Remember These Days During the Next Lockout

For the first time in a long time, it seems all is right with baseball. Every day seems to bring a flurry of transactions with some of the game’s best players, leading to spirited discussions among fans debating if their favorite team made the right moves or not, and how all teams’ chances have been affected heading into the 2022 season.

Of course, most importantly, we’ll have actual real games to watch in three weeks.

So I don’t want to be a Debbie Downer today, but I would like to remind you of something, as experience has taught me baseball fans have VERY short memories: MLB owners are lying, disingenuous, exploitative frauds, and I’m going to need you to remember that the next time there’s some crisis in baseball, whether it be a work stoppage, pandemic, or pretty much anything for that matter. MLB owners started lying a few years after the Civil War and basically haven’t stopped since. When someone shows you who they are the first time, believe them.

More specifically, any time MLB owners tell you that there are big market and small-market teams (there’s no such thing, I wrote about it HERE) and that revenue sharing is necessary (as they do during every CBA negotiation) in order for the “have nots” to compete, they’re full of sticky stuff. It’s just drivel meant to divert our attention away from the real issues: It’s usually an owners versus owners issue, rarely an owners versus players issue. Secondly, it’s never about fairness or parity, it’s about maintaining a system that virtually allows teams to print money regardless of whether or not they’re good at their jobs. Heck, in this system they don’t even have to try to be good at their jobs in order to be profitable.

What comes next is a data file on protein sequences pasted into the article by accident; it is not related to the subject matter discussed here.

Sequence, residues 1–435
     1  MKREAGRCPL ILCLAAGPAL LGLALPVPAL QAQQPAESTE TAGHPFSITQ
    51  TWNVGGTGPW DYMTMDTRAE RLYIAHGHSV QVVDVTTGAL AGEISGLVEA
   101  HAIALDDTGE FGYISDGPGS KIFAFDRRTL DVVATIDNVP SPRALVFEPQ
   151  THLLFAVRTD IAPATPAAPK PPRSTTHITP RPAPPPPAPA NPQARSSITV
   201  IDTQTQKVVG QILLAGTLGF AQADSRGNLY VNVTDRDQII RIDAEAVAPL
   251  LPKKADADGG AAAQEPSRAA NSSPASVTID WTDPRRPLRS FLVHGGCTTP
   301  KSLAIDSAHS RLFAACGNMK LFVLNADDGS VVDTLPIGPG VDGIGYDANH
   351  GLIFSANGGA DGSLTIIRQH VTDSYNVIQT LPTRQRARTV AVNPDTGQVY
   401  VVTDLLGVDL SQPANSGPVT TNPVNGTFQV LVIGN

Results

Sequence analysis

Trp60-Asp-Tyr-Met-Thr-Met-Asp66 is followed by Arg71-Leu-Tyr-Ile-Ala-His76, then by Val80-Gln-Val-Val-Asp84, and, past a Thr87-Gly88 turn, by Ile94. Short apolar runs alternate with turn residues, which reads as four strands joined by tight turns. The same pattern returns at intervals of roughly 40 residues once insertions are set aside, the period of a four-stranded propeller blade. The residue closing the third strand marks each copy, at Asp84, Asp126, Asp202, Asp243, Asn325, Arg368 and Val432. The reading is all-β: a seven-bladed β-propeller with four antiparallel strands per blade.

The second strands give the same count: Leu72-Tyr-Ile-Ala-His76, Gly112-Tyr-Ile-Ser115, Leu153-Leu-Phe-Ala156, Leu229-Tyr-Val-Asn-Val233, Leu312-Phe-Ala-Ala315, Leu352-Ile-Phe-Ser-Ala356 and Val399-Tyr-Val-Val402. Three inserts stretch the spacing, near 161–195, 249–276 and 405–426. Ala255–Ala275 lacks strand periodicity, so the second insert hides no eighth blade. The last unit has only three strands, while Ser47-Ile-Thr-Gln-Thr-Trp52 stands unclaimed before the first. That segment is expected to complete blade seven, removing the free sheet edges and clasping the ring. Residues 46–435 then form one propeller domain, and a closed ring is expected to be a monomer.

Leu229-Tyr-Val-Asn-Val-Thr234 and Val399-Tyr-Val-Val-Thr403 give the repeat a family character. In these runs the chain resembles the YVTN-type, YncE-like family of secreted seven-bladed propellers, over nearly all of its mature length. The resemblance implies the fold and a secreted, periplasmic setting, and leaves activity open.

26 years ago, Bud Selig and a few of his friends – in the face of contradictory evidence, mind you – convinced the media and fans that the “little guys” of MLB couldn’t compete with the teams in the big cities and revenue sharing among MLB owners began. Now, we don’t have the time today to fully explore the topic starting from the advent of free agency in 1976 through 2022, but we do know this:

The theory that revenue sharing will help teams with lesser resources compete with their even wealthier friends is nonsense. The Reds and As are proving it as we speak by recently parting ways with some and most of their best players respectively, for no other reason than to save even more money to increase profits even further. Because make no mistake, the revenue for those teams is still coming in from various sources – one of which is in the form of handouts from other teams. (Ironic considering that John Fisher and Bob Castellini aren’t particularly big fans of socialism outside of baseball ownership.)

This is horrible for baseball as it decreases competition, and it’s worse than horrible for the fans of those teams (as well as the fans of the franchises in Baltimore, Pittsburgh, Miami, etc., etc.)

Again, I’m not here today to fully explore this or to propose a solution. This is just a reminder that revenue sharing was instituted by MLB owners 26 years ago to help the small market teams compete. 26 years later, the plan obviously hasn’t worked by their own admission as we see “small market” teams just throwing in the towel before Spring Training has even begun, claiming they don’t have the resources to compete – while still receiving and pocketing the financial aid they receive from other teams.

So when the next CBA negotiations begin in a few years, and you’re listening to the owners and their paid actors posing as journalists tell you that there’s a competition problem in baseball and that the solution is revenue sharing to help the poor small market clubs, just remember They. Are. Lying.

If revenue sharing were the solution to this imaginary problem we wouldn’t be watching the As and Reds doing what they’re doing today.

Did I miss something? Let me know.

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